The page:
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How Poetry Can Matter

Making Poetry Public By Jordan Mills Pleasant For the most part, the term “poetry” falls on deaf ears — even for the average reader in 2012, the term is less significant than it once was. Over the course of the last 50 years, poetry has in many ways been relegated to a very specialized part […]

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We Wear The Mask

The Short Life of Paul Laurence Dunbar By Tim Walker   “We wear the mask that grins and lies, It hides our cheeks and shades our eyes, – This debt we pay to human guile; With torn and bleeding hearts we smile, And mouth with myriad subtleties.” From “We Wear the Mask”, by Paul Laurence […]

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A novel idea

The NaNoWriMo kickoff event for 2011

NaNoWriMo: Inspiring the aspiring novelists in the Miami Valley By Tim Walker It should come as no surprise that novelists, like other writers, can be a bit … well, eccentric. They sit, after all, for hour upon hour, struggling to fill empty notebooks and blank computer screens with the thousands of words necessary to advance […]

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It came from the shadows

Dayton writer publishes captivating horror novella By Tim Anderl In 2008 a challenge from a friend inspired K.W. (Kathleen) Taylor to put pen to paper and by October 2011, Taylor’s first horror novella, “We Shadows Have Offended,” was reaching Barnes and Noble store shelves and Amazon’s electronic book shop. “The prompt was supposed to be […]

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Giving peace a voice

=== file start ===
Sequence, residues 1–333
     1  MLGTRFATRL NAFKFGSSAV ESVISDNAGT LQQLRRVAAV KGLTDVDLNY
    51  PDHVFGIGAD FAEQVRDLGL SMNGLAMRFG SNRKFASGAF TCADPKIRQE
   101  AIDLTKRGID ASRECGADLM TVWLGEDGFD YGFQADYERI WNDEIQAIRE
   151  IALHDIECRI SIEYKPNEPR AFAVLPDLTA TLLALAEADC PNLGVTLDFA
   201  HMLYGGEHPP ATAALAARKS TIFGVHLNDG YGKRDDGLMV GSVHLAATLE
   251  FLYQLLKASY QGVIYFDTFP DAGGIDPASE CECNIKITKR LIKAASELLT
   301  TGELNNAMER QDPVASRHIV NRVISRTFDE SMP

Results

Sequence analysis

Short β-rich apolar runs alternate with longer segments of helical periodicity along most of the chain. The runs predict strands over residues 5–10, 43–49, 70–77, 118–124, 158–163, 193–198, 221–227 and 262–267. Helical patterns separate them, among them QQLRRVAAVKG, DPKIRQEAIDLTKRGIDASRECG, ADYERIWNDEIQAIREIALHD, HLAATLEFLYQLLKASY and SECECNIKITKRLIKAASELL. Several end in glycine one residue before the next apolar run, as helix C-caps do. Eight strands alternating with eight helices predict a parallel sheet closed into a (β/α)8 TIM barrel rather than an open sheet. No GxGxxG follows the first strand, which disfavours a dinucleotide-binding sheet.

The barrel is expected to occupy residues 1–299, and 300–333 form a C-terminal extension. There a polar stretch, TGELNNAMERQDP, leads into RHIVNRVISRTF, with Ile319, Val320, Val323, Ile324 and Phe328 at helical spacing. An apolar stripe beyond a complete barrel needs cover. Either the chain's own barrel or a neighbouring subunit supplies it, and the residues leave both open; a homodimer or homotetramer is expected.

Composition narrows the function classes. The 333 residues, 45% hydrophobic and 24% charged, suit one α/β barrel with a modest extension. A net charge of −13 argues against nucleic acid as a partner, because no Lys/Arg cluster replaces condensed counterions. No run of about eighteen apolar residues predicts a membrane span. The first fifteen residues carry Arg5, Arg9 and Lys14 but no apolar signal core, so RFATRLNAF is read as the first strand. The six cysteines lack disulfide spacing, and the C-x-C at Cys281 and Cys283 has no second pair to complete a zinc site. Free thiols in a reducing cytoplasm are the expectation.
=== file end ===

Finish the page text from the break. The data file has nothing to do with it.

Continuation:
Dayton Literary Peace Prize honors authors who inspire peace through the written word By Caroline Shannon-Karasik Think a bit about the word peace. What comes to mind? A long-haired hippie raising his arm high into the air and splaying his fingers to make a “V” shaped symbol? Or do you envision a room full of […]

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A Country Divided

Local author Raul Ramos y Sanchez debuts his provocative, eye-opening second novel, ‘House Divided’ By Nicole Wroten Miami Valley author Raul Ramos y Sanchez paints an almost-too-real picture of revolution in the sequel to his critically acclaimed first novel, “American Libre,” in “House Divided.” Ramos y Sanchez’s second novel picks up where the first left […]

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Love, Like Ashes, Fall From The Sky

“There was a girl who fell out of the sky, they say, a love story drop-out, horror story knock-out, delinquent daughter of a poison love, no sleeping pills to anesthetize the wing amputation, just gravity’s law of laceration.” ~Natalie McCollum “Ashes To Angels” And so it begins. The crashing cadence of Natalie McCollum’s experimental odyssey […]

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Freedom

Jonathan Franzen’s Mature, Confident Novel. By John Freeman The giant armadillo, the blue whale and the Great American Novelist all have something in common. All of them, the watchers say, are critically endangered. Largely due to what’s euphemistically called displacement. And since Great American Novelists were singular, even in their supposed heyday, the ones who […]

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News of the weird 10/21

By Chuck Shepherd Lead Story – Signs of the times “Selfie fever” has begun to sully the sacred Islamic pilgrimages to […]

The last word

Thanks for reading By A.J. Wagner This will be my last week writing the “Law and Disorder” column for the […]

The art of organization

Yellow Springs Artist Studio Tour & Sale returns By Alyssa Reck Photo: Elaine Lamb of Mud Mothers Pottery will showcase […]

Waste not

The Plastic World of Mary Ellen Croteau By Shayna V. McConville Photo: Mary Ellen Croteau, “Endless Columns,” plastic bottle caps […]

On not getting by in Dayton

The long-term effects of poverty By A.J. Wagner I have been penning “Law and Disorder” for the Dayton City Paper […]

News of the weird 10/14

By Chuck Shepherd Lead Story – Bionic shoes Police in Japan’s Kyoto Prefecture raided a shoe manufacturer in July and […]